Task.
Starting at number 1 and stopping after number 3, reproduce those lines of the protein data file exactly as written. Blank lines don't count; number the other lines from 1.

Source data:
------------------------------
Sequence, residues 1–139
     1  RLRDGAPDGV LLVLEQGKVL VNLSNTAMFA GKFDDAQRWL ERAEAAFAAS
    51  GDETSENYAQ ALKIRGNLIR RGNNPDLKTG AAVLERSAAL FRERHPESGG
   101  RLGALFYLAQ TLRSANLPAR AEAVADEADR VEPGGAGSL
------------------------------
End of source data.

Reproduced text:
Sequence, residues 1–139
     1  RLRDGAPDGV LLVLEQGKVL VNLSNTAMFA GKFDDAQRWL ERAEAAFAAS
    51  GDETSENYAQ ALKIRGNLIR RGNNPDLKTG AAVLERSAAL FRERHPESGG